Scarborough Council cabinet backs 'asks' from devolution deal worth £2bn across region
Improved transport links, better digital infrastructure and a push towards creating England’s first carbon-negative economy are just a few of the benefits Scarborough hopes to see from a proposed devolution plan.
Scarborough Borough Council’s cabinet today backed North Yorkshire and York’s “asks” from a devolution deal, a package of more than £2bn in spending across the region.
Last week, the county’s seven district councils, which includes Scarborough Council, were told they would have to be scrapped if North Yorkshire wants devolution, which would bring more powers and spending potential to the county.
Following a meeting with Local Government Minister Simon Clarke last week it is proposed to create one or two combined authorities under a metro Mayor for the county in 2022.
Scarborough Council’s cabinet today backed the plan of “asks”, which will also be supported by the county’s other six district councils, North Yorkshire County Council and City of York Council.
As well as a 30-year Mayoral funding pot worth £750m over 25 years, the submission contains proposals for government funding to be handed over to the county in areas including housing, transport, skills, regeneration and energy.
Schemes include £250m over five years to upgrade transport links across the area and £520m to improve fibre connectivity.
The funding would include £52m for “ultra-low emission” public transport and a further £50m for electric vehicle charging points.
A total of £96m would be invested in a strategic housing project and £215m for a “BioYorkshire” programme.
The devolution document adds: “The importance of BioYorkshire to the resilience, growth and prosperity of our region is amplified in the context of Covid-19.
"We will accelerate a Green economic recovery, create new sustainable jobs and improve resilience in our area through supporting innovative entrepreneurs to start-up companies, enabling Small and Medium Enterprises (SMEs) to scale up their businesses and improving efficiencies of industry through collaborative research.”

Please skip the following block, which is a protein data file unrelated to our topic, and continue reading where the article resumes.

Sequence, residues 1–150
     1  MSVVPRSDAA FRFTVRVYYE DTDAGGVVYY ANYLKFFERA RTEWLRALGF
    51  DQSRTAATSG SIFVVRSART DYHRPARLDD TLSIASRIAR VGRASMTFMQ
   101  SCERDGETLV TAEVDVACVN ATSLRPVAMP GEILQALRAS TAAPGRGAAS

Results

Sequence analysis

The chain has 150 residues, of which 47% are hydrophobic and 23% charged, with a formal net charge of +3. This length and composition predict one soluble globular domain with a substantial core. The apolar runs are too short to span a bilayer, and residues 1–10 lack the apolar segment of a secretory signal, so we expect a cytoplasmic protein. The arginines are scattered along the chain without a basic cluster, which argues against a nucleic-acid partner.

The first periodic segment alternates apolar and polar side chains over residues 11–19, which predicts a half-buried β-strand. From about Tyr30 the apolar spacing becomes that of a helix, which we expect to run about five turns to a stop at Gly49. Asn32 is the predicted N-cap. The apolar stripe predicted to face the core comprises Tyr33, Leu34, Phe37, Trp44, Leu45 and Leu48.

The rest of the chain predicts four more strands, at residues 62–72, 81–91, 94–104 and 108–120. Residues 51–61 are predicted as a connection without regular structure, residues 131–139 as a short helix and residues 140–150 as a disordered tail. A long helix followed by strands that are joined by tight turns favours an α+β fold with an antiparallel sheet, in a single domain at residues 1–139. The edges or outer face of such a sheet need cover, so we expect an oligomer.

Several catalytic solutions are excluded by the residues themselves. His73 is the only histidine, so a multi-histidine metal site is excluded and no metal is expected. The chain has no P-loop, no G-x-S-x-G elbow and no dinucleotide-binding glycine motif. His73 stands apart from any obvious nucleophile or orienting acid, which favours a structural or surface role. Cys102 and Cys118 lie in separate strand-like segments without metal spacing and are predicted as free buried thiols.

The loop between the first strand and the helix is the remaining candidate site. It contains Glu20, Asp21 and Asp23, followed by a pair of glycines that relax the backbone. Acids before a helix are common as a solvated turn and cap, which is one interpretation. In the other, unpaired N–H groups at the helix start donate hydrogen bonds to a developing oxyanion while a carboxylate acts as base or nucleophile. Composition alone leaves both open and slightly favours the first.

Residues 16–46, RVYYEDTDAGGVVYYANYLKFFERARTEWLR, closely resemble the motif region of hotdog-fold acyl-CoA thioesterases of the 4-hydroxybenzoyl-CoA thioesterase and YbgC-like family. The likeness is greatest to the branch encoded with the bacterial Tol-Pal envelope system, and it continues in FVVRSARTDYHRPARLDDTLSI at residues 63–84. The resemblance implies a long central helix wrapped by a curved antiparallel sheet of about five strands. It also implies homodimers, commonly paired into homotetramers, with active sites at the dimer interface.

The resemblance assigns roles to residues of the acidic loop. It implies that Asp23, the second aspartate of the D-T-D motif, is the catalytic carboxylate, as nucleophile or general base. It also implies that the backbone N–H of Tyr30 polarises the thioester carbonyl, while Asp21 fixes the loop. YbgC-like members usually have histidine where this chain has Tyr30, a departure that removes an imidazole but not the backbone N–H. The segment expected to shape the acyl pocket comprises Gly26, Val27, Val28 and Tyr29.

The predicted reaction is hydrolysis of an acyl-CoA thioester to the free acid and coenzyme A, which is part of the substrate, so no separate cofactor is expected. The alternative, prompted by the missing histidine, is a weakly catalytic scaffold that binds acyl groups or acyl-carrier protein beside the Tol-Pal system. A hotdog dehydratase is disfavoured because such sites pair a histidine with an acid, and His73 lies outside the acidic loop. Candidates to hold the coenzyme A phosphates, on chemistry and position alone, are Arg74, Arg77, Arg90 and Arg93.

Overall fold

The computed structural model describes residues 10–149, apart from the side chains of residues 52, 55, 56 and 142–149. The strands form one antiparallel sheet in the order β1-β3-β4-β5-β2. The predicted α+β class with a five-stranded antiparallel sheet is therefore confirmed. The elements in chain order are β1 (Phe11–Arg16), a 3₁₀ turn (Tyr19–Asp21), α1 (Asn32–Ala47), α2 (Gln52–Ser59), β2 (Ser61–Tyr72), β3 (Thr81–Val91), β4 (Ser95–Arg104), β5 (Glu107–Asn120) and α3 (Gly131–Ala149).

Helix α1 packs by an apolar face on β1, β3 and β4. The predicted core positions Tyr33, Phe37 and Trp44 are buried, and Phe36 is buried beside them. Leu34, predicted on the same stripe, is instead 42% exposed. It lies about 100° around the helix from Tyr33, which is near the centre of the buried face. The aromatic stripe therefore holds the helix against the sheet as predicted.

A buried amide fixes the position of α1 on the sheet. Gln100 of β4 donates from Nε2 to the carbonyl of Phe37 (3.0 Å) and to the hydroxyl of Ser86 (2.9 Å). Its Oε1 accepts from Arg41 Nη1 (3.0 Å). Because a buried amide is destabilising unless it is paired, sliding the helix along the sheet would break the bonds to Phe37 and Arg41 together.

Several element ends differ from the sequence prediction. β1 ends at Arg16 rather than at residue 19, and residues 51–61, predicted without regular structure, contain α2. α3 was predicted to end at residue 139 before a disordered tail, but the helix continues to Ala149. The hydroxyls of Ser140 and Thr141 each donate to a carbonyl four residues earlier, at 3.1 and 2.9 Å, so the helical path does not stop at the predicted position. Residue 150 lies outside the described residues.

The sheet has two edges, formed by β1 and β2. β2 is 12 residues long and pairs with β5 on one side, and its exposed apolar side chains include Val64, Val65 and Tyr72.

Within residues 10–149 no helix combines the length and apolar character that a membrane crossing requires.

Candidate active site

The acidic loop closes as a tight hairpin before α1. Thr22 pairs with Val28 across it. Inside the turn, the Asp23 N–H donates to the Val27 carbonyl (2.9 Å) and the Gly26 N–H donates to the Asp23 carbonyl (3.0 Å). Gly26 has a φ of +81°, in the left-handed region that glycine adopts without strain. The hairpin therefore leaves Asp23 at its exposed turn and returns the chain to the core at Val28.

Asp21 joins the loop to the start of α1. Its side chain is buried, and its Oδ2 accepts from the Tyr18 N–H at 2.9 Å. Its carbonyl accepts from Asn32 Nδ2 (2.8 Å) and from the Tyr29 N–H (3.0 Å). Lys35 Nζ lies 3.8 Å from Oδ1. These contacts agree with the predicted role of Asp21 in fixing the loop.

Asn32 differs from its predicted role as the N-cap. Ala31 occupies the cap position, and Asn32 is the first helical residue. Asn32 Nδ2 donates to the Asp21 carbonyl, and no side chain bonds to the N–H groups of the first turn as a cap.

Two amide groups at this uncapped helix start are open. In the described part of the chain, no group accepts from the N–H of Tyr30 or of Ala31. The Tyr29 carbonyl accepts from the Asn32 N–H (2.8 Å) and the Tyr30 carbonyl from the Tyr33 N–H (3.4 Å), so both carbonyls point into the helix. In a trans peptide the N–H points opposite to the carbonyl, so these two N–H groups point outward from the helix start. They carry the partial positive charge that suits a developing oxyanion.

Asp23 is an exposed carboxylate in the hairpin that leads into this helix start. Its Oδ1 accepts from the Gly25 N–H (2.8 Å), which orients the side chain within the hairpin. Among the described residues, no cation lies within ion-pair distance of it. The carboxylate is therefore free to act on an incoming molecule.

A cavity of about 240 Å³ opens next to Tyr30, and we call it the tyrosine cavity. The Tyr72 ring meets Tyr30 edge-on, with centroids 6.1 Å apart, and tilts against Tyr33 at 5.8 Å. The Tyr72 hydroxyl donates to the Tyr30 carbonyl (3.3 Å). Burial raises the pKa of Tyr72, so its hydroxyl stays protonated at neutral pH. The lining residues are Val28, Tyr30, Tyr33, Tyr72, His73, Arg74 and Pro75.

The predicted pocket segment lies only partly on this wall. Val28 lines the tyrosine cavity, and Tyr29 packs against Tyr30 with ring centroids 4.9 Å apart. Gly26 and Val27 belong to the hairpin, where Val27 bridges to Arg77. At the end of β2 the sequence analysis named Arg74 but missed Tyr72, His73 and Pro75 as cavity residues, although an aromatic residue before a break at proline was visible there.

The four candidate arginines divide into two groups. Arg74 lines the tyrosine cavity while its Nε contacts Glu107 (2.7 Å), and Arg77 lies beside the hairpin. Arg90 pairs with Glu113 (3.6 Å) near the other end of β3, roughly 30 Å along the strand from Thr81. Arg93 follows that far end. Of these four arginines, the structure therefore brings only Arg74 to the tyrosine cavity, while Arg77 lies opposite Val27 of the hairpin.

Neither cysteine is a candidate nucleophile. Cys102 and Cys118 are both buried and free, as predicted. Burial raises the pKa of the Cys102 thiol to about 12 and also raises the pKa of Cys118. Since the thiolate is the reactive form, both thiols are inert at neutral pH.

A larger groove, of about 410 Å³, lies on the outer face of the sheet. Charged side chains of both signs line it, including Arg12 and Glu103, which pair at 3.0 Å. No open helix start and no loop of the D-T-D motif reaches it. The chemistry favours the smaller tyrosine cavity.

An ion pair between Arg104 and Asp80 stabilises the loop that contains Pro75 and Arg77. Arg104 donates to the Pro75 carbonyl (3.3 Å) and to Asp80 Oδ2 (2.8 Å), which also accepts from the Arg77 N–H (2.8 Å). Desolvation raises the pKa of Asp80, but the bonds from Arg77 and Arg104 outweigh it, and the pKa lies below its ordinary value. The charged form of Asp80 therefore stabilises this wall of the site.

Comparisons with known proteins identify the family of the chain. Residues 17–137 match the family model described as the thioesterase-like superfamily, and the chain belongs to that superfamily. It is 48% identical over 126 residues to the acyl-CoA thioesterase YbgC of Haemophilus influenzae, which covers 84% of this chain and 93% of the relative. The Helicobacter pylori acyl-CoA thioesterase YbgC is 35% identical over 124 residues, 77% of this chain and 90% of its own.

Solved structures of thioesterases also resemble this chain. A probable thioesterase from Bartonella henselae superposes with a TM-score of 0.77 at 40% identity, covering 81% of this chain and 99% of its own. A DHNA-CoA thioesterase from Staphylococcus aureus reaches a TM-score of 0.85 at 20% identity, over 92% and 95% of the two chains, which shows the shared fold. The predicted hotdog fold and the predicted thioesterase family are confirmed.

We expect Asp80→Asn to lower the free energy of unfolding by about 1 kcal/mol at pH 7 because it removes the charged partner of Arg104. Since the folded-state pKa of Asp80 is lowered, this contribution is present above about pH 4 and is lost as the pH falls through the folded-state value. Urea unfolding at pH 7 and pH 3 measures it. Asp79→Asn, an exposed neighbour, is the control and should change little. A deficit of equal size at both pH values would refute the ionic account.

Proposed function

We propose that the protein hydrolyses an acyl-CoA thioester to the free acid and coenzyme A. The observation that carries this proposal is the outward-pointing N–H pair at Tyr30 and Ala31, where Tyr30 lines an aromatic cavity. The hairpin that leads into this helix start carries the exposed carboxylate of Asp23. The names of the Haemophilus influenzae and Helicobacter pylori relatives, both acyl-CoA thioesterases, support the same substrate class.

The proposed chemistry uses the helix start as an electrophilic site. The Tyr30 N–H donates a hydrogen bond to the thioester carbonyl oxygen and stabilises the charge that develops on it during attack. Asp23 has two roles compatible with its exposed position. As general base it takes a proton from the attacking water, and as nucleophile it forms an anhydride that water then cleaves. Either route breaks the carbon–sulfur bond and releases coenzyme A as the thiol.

The cabinet backed the plans, with council leader Cllr Steve Siddons promising to keep both the councillors and the public informed on the developments in the process.
He said: “Work is still ongoing amongst leaders across the whole of York and North Yorkshire on shaping just how this potential devolution deal will come together and I’ll keep providing updates on that as we make progress.”
Councils in the area have until September to submit their proposals for what the future unitary authority could look like.
Under the present system, North Yorkshire County Council is responsible for education, highways, social care and transport.
The seven district councils are responsible for the majority of planning matters, licensing, bin collections and council tax collections.
York has one council to run all services.
Any of the councils involved in the process can submit a proposal to the government to be considered.
The Government’s intention is to make the changes from April 2022, with Mayoral elections taking place in May alongside elections to the new unitary authority or authorities.
If the devolution plan moves forward the county council elections scheduled for next year would be cancelled, as likely would be the elections for the Police, Crime and Fire Commissioner as those responsibilities are presumed to rest with the new elected Mayor.